May Sarton was born Eléanore Marie Sarton in Wondelgem, Belgium, on May 3, 1912. Her mother, Mabel Elwes Sarton, a designer who worked at Maison Dangette, Brussels, was a determined craftsperson and an uncompromising seeker of high standards. Her father, George Sarton, pampered by his Belgian upper-middle-class family after losing his mother early, was an active socialist who did mathematical studies at the University of Brussels before settling into his life’s work as a major historian of science; he founded the leading journal in the field, Isis, in 1912. He was a methodical scholar who even after his day’s scholarly labors would make notes in the evening concerning recent research by other scholars. May’s mother compromised her talents for her husband’s career, but her gift of “refashioning things magically” inspired her daughter’s own verbal artistry.
One close friend of Sarton’s mother was Céline Dangotte Limbosch, or Mamie, whose home near Brussels Sarton has recalled as the one place in the world that would not change and whose traits appear in the heroine of The Bridge of Years. Mamie’s husband, Raumond Limbosch, a poet who never published his poems, also figures in that novel as a philosopher.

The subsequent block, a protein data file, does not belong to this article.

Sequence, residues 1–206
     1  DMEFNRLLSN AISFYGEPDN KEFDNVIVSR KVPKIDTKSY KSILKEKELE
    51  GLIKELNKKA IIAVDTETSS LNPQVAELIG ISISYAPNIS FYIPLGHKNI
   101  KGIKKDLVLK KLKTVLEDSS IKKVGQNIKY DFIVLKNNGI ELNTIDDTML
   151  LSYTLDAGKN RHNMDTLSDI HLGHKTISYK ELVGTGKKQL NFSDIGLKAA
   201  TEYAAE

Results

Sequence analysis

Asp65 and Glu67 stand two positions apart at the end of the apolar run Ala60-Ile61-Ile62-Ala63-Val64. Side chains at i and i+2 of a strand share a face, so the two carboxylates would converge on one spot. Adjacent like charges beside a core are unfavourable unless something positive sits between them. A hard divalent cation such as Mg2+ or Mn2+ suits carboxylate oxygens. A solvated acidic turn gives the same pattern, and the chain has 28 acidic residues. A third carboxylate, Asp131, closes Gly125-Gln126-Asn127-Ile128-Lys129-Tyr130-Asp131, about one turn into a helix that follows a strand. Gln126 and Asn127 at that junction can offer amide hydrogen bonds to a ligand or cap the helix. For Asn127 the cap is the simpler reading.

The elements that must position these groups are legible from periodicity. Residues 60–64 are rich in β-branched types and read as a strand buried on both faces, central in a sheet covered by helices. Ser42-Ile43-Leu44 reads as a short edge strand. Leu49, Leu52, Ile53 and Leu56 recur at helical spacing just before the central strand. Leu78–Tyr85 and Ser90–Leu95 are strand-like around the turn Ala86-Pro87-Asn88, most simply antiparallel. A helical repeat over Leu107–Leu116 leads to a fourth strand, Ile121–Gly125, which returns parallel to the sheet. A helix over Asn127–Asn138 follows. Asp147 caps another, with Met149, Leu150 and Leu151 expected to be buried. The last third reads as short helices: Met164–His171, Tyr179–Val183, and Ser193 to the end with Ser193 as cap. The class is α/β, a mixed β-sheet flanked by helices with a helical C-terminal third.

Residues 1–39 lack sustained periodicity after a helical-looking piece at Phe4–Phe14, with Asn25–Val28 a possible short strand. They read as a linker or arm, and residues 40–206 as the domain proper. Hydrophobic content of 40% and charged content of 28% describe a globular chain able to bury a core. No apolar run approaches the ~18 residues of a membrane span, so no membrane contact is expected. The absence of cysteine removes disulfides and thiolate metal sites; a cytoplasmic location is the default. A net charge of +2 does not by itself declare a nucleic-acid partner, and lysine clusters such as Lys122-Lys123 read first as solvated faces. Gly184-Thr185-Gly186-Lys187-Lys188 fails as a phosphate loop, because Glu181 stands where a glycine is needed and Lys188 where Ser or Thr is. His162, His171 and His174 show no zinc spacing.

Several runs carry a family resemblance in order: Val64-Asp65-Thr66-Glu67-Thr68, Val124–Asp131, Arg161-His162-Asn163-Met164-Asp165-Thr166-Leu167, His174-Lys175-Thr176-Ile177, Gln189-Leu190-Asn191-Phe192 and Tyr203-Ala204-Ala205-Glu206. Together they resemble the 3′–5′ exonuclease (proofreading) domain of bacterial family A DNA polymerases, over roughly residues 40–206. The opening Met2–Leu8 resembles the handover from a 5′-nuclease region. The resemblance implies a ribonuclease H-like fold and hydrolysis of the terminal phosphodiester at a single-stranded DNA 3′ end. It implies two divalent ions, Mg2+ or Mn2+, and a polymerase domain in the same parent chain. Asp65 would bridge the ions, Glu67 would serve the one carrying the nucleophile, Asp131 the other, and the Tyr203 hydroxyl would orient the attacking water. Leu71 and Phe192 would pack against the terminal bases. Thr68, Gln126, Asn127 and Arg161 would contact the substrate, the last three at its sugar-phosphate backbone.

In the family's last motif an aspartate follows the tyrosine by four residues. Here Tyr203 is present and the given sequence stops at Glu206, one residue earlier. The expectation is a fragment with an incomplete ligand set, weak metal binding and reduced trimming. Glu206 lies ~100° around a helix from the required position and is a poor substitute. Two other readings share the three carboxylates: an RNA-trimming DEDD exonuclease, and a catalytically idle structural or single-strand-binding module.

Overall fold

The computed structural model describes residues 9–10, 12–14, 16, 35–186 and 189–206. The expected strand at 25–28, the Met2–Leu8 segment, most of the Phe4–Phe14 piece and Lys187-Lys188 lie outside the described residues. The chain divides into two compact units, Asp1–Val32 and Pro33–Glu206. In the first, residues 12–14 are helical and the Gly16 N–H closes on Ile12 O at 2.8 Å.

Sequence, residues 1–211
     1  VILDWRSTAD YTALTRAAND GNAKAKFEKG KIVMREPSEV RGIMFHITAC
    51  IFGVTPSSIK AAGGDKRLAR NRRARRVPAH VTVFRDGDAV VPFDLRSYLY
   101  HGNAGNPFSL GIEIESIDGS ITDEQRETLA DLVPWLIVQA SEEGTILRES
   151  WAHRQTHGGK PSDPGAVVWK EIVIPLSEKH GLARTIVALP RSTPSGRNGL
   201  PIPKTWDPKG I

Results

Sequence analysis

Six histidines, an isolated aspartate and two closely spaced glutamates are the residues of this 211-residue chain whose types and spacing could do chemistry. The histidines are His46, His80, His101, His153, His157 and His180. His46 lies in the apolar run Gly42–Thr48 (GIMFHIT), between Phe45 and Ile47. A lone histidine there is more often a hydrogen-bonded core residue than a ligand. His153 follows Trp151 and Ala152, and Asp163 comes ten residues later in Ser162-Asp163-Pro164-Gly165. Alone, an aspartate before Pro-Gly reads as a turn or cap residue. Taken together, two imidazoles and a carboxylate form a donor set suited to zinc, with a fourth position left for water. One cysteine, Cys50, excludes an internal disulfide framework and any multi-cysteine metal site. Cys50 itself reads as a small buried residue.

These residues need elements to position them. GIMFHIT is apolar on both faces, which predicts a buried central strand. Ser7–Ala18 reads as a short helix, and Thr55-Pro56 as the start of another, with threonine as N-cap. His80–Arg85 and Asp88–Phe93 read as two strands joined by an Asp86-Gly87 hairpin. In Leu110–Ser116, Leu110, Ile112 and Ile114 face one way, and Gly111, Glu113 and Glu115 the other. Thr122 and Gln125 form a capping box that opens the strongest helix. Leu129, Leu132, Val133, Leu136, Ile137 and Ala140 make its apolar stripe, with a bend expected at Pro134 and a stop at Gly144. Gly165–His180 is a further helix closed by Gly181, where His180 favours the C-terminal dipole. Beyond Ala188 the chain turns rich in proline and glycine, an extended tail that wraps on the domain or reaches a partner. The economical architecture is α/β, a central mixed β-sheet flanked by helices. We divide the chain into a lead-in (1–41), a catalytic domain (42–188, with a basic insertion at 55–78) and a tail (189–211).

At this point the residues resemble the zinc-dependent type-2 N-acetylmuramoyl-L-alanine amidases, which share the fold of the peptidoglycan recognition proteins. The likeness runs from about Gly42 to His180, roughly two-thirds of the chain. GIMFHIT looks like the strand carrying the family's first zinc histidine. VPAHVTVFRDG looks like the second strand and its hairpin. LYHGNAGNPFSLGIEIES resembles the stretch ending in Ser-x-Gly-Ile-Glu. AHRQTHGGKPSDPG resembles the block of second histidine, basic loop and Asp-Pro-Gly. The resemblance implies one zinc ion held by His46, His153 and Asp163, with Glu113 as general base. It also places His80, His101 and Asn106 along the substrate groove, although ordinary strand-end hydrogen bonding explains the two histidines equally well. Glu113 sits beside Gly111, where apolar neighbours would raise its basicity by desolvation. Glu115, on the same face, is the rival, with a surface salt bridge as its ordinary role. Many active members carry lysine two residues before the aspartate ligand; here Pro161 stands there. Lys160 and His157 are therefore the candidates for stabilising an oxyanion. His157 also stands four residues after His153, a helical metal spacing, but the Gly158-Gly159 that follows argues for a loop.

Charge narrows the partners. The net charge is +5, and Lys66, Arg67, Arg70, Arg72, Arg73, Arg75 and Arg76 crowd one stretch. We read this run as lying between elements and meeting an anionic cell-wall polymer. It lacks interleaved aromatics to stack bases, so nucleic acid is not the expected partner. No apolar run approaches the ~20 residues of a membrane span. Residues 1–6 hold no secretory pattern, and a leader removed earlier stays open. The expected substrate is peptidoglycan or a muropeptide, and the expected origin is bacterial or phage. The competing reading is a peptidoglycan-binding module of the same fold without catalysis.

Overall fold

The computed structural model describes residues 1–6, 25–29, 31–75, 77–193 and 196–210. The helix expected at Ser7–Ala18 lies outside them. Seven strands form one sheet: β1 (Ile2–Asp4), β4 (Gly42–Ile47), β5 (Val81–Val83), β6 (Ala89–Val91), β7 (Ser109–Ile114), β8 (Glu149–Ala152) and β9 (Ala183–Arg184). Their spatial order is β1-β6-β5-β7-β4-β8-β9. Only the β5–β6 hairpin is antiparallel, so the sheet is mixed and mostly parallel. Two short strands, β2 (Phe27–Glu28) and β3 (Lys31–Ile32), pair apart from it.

Sarton’s earliest years were spent in Belgium, but with the coming of World War I, the family fled to England. In 1915, the Sartons went to the United States, staying briefly in New York before settling in Washington, D.C., where the Carnegie Institute gave support to George Sarton’s projected history of science. Mabel Sarton founded Belgart, specializing in handmade fashion apparel. Sarton’s father’s somewhat informal appointment at Harvard University led the family to Cambridge, Massachusetts, in 1918. There, young Sarton attended Shady Hill School, a Spartan institution run by an educational innovator, Mrs. Hocking, wife of a well-known philosopher, who combined the study of philosophy with poetry. Miss Edgett, an imaginative math teacher, inspired Sarton to be a poet, but Sarton also received encouragement from a family friend in Cambridge, Edith Forbes Kennedy. Kennedy was the inspiration for a character, Willa MacPherson, in Mrs. Stevens Hears the Mermaids Singing, whose friendship and encouragement push young Hilary Stevens along on her poetic career. School plays also awakened Sarton’s interest in drama.
In 1919, the family briefly returned to settle their affairs in Belgium. For a short time, Sarton attended the Institute Belge de Culture Française, which she later attended for a year at age twelve. The institute was presided over by Marie Closset, who published poetry as Jean Dominique, and two other women. Literature was taught from great works, and memorization was required. Sarton spent that year with the Limbosches while her parents were in Beirut, Lebanon, so that her father could learn Arabic for his research. The literary atmosphere and general culture that she encountered there influenced Sarton greatly.
A 1926 graduate of Cambridge Latin High School, Sarton recalled...
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